• ‘She adds that while a staged reading in On the Verge is an endorsement of a script's potential, it does not offer the guarantee of a full production in the future.’
      • ‘Spain's government-owned paradors provide a guarantee of quality at reasonable prices.’
      • ‘The variety and simplicity of the recipes and the quality of ingredients were always a guarantee of delicious meals.’
      • ‘Sadly, shelling out £20 is not always a guarantee of quality, so do try to taste before you buy, or find a wine merchant or critic whom you trust.’
      • ‘Just keep in mind that you will be undertaking a science experiment with no guarantee of the outcome!’
      • ‘While being organic is no automatic guarantee of quality, the best of this tasting are well worth a try.’
      • ‘Standard school certification is a much better guarantee of quality.’
      • ‘The open source model is not, per se, a guarantee of stability, because it does not ensure continuing stable support for the software.’
      • ‘Yes, accreditation is not a guarantee of high quality.’
      • ‘He recalled that multiparity and previous easy deliveries are no guarantee of a similar outcome.’
      • ‘This is usually a guarantee of high quality in the review process, and it also provides a great source of writers.’
      • ‘A diploma, even from a reputable overseas university, is not automatically a guarantee of quality, of achievement, of work ethics of the highest standards.’
      • ‘The ‘Union Made’ label is a pretty good guarantee of fair working conditions, but you won't find it on many apparel products sold at the local mall.’
      promise, assurance, word, word of honour, pledge, vow, oath, bond, commitment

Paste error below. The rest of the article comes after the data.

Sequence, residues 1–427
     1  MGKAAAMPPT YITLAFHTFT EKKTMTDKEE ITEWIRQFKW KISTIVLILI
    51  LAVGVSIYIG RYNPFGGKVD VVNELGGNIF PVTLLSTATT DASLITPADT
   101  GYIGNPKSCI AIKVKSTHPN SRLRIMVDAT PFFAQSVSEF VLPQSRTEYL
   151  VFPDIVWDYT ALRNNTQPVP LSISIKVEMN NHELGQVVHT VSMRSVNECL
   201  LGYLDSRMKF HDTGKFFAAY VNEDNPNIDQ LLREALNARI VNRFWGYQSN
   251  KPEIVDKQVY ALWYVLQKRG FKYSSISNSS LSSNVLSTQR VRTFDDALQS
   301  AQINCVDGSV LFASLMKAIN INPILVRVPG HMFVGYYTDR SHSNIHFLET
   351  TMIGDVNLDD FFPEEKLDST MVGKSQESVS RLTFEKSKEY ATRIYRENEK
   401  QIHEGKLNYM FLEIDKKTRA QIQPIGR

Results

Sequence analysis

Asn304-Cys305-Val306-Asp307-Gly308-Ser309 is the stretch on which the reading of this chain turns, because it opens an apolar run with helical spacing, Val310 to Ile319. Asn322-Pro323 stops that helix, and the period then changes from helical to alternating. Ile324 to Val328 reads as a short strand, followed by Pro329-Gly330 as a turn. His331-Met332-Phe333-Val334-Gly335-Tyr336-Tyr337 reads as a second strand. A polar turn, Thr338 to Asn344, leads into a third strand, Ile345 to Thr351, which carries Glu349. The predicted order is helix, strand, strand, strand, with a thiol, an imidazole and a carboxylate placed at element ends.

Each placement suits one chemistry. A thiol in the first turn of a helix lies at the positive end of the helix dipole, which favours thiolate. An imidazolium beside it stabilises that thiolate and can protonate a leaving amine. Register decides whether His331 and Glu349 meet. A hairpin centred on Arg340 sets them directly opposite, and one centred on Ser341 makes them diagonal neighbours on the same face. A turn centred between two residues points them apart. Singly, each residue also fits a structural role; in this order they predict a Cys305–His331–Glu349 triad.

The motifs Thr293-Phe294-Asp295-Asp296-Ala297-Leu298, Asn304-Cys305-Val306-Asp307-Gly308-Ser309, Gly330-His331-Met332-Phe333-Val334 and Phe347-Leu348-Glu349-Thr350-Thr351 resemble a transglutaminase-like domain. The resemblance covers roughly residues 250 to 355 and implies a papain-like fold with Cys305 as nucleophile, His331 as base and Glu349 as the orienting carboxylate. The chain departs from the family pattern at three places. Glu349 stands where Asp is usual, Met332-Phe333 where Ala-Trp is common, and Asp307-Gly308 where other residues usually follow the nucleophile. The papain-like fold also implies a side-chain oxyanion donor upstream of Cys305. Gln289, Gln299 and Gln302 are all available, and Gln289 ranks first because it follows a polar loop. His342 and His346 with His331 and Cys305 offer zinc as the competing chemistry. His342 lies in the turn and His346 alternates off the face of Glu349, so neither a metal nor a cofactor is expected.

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  • 2Law
    A formal pledge to pay another person's debt or to perform another person's obligation in the case of default.

    contract, agreement, covenant, compact, bond, pledge, promise, warrant, undertaking, commitment, settlement, arrangement, understanding
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    1. 2.1 A thing serving as security for a formal pledge to pay another person's debt.
    2. 2.2
      less common term for guarantor
      guarantor, warrantor, underwriter, voucher, sponsor, supporter, backer
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verb

[NO OBJECT]
  • 1Provide a formal assurance or promise, especially that certain conditions shall be fulfilled relating to a product, service, or transaction.

    with clause or infinitive ‘the con artist guarantees that the dirt pile will yield at least 20 ounces of gold’
    • ‘Some manufacturers have been willing to guarantee that their products are latex free, and others seem less than eager to supply information about their products.’
    • ‘The only thing that it guarantees with its product is that your car will meet these New Jersey standards.’
    • ‘Irrespective of market performance, the product guarantees 100 per cent of your money back at the end of five years.’
    1. 1.1with object Provide a formal assurance regarding (something, especially a product)
      ‘the repairs will be guaranteed for three years’
      ‘the guaranteed bonus is not very high’
      • ‘My new entertainment system is guaranteed for five years.’
      • ‘Make sure you are fully aware of what part of the product is being guaranteed too.’
    2. 1.2with object Provide financial security for; underwrite.